Category Archives: Growing

How To Create Classy Container Gardens With Roses

According to the National Gardening Association, 91 million households participated in some form of do-it-yourself lawn and gardening activity, spending an average of $387. Over the past decade, an increasing percentage of this total has gone towards container gardening.

Containers offer a versatile form of gardening that fits into any lifestyle and yard size. City dwellers can use them to brighten up lifeless balconies, roof decks or front stoops, while those with more space can decorate high-traffic spaces and incorporate them into lawn and garden areas for added drama and flair. Because of the multitude of options on the market, container gardens are an easy way to add a splash of color to any outdoor space, big or small.

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Bushel and Berry Recommends Growing Berries for Mind, Body and Yard

Growing Berries for Mind, Body and Yard
Growing Berries for Mind, Body and Yard

Those looking to improve their mind, body and soul need not look any further than their own patio or yard. Homegrown berrie’s from the Bushel and Berry collection are nutritional powerhouses. They are low in fat and have high concentrations of antioxidants, which help protect our bodies from the damage caused by harmful molecules called free radicals.

“While you can purchase blueberries at the grocery store, it’s relatively simple to plant your own and enjoy their many benefits season after season,” says Layci Gragnani, product manager for the Bushel and Berry collection.

All berries are loaded with fiber, a nutrient important for a healthy digestive system and one that may also help control blood sugar. Berries may even help manage diabetes. Blueberries, for instance, have a low glycemic index, meaning that they’re less likely to cause blood sugar spikes compared to other carbohydrate foods. Just one serving of blueberries contains almost 25 percent of the daily recommended requirement of Vitamin C.

The antioxidants found in blueberries and blackberries, called anthocyanins, may even help keep one’s memory sharp. And raspberries contain ellagic acid, a compound with anti-cancer properties.

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The Lily: Introducing the Summer Bulb of the Year

The Lily_ Introducing the Summer Bulb of the Year
The Lily_ Introducing the Summer Bulb of the Year

Dazzling lilies set off colorful fireworks in the garden. Garden? Yes, the garden!

Many people are familiar with lilies as cut flowers but don’t know that they can also add sparkle to the garden or when planted in a container.

With all their beauty, symbolism and history, it’s no wonder that lilies were named the Summer Bulb of the Year.

Symbolism
Native to the Northern Hemisphere, lilies have been seen as a flower of significance for thousands of years because of the extensive symbolism that surrounds them.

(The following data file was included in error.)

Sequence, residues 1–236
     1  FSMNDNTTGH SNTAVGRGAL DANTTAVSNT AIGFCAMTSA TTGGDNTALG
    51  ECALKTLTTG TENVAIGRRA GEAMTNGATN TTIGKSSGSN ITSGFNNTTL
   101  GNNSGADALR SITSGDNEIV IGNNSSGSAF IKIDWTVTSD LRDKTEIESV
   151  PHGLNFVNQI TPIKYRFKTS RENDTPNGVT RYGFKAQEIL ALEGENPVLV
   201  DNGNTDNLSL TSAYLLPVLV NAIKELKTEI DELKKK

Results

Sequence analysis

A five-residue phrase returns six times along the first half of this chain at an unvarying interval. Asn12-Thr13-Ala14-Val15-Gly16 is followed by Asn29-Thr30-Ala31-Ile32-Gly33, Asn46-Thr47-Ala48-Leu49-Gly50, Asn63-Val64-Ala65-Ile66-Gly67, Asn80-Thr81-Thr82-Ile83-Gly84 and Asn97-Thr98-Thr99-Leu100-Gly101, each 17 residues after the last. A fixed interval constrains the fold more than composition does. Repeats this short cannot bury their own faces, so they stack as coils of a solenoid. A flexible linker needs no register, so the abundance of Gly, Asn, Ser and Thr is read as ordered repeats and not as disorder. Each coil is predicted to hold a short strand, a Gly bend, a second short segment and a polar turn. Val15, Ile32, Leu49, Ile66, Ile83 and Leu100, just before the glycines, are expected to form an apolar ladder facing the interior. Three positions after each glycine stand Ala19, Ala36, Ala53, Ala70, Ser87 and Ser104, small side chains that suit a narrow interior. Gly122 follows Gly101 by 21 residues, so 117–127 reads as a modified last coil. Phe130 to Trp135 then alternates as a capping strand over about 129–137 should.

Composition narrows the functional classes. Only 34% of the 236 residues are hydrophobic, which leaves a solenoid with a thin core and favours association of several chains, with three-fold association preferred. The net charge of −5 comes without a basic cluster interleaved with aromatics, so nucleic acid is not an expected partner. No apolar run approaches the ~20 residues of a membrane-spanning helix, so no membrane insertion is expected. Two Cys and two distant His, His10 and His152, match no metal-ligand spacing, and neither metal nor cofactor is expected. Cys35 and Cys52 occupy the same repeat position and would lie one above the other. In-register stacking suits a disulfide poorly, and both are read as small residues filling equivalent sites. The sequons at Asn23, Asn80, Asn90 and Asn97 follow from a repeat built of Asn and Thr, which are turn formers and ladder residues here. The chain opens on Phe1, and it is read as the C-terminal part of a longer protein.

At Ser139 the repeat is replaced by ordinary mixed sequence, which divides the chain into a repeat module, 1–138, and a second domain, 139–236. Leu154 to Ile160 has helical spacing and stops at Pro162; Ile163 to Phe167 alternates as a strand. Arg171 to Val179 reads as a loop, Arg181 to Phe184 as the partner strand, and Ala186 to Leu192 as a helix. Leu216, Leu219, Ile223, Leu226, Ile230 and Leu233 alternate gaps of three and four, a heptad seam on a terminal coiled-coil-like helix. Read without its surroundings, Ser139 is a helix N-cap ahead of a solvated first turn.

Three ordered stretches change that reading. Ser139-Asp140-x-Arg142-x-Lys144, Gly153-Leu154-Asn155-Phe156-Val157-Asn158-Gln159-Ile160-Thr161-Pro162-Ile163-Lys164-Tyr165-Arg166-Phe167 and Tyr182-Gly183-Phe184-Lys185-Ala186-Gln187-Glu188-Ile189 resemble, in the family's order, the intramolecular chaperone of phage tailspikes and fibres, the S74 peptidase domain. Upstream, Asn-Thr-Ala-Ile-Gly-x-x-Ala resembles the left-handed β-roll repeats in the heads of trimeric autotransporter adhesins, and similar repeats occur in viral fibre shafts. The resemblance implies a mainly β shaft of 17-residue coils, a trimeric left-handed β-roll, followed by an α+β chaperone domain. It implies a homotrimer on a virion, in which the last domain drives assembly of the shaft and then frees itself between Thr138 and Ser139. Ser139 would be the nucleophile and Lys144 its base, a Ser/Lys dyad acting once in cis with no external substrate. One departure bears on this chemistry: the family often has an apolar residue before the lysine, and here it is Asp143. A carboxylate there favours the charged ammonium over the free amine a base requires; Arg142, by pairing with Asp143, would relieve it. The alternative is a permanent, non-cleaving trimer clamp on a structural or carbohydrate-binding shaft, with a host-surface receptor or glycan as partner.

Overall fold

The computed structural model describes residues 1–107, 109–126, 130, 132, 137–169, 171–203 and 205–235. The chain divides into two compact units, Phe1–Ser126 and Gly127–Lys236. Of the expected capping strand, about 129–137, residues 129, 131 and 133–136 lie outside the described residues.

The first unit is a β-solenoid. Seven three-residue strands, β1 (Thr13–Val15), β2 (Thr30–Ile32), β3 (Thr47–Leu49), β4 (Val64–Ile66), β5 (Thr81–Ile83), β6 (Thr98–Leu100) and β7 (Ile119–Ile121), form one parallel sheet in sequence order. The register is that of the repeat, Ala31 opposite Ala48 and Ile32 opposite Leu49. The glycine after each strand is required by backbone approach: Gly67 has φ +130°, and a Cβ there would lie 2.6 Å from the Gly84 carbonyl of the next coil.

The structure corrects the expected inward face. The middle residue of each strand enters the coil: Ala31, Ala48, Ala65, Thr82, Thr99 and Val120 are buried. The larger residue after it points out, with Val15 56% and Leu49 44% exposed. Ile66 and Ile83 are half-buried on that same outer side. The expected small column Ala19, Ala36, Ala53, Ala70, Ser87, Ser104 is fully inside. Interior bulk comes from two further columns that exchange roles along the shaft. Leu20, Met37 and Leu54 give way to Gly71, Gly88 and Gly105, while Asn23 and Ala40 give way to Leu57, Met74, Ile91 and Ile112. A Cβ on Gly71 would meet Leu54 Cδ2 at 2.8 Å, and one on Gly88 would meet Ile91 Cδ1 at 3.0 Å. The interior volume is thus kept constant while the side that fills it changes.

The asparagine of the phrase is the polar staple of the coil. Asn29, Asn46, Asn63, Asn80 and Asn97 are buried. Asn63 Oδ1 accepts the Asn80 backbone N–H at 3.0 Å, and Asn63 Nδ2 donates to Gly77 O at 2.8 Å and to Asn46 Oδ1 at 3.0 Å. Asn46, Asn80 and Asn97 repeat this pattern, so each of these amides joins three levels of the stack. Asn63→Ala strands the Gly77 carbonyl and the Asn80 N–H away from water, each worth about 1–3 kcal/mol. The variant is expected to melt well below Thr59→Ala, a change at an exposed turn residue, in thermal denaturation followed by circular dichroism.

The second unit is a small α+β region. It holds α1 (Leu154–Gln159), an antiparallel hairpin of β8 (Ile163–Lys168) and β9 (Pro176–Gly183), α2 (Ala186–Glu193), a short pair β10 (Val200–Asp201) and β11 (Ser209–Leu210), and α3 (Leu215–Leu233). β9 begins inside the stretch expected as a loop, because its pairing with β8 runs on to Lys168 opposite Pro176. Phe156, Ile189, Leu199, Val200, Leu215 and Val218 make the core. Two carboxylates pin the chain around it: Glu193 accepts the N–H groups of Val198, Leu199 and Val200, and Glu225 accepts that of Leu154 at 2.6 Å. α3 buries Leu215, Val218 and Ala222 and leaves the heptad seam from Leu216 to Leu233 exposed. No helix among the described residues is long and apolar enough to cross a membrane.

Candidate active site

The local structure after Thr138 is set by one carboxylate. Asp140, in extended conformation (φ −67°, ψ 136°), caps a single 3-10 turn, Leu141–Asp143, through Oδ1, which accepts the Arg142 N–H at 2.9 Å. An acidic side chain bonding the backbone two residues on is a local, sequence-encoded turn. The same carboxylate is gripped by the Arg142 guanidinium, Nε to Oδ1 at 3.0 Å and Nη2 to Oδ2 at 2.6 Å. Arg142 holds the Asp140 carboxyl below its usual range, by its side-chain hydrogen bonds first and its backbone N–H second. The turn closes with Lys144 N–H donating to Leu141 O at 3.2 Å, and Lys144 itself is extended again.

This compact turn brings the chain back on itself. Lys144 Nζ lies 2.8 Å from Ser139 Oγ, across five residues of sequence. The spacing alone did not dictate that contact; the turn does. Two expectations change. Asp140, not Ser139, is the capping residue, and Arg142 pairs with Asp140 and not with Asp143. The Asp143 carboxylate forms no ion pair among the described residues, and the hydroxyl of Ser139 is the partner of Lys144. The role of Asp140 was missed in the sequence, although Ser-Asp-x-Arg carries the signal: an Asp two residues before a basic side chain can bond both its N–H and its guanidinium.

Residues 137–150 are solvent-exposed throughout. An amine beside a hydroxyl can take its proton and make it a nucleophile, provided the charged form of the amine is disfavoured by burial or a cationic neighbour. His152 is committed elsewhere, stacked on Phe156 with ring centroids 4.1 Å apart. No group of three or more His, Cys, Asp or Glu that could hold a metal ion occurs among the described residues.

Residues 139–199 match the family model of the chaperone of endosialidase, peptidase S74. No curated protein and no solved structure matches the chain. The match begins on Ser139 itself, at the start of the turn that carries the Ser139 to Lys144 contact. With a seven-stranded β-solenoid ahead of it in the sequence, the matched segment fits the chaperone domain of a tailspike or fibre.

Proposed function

The lily represents femininity, love, purity and a sense of transience. But lilies also have a wonderful history. In 1150, King Louis of France used an image of a lily on his shield as a symbol of his name, Louis or Loys, and power. The lily is also portrayed as a focal point in many historical paintings.

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How To Take Care Of Your Roses

The rose is a very beautiful flower, often considered to be the queen of all flowers. The inherent beauty of the rose is peerless; no other flower can ever compare to it. Gardeners who have successfully cultivated their own rose gardens prize the fruit of their own labours highly and take a lot of effort to care for and maintain their gardens. For indeed, if you want to be able to enjoy the beauty of a rose plant, you must be prepared to exert the effort needed to cultivate, care for and protect these plants.

rose
rose

The task of caring for roses is no easy feat. To take care of roses can be arduous and can consume a good amount of time every day. But no matter how laborious cultivating roses can be, the effort exerted is very much worth it. To see a healthy and thriving rose plant in your garden is certainly very rewarding.

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Planting and Caring for Flower Bulbs

There is nothing quite as welcome as those beautiful spring flowers that seem to emerge from nowhere to welcome the arrival of spring. Bulb type flowers are really unique plants, because they spend most of their days resting quietly beneath the surface of the soil. Then right on schedule, up they come, full of bloom and vigor, and then almost as fast as they came, they go. Except for the green leafy part of the plant that tends to linger longer than we would like them to.

Despite their short bloom time and unattractive foliage after the blooms are gone, they are still a wonderful addition to any landscape. But how should you care for them? First let’s talk about how to use them in your landscape. Flowers of all kinds are best when planted in groupings. Many people buy 25 or 50 bulbs and just go around the yard planting helter skelter. That’s fine if that’s what you want, but when planted that way they tend to blend in with the landscape and really don’t show up well at all. When you plant them in large groups they are a breathtaking showpiece.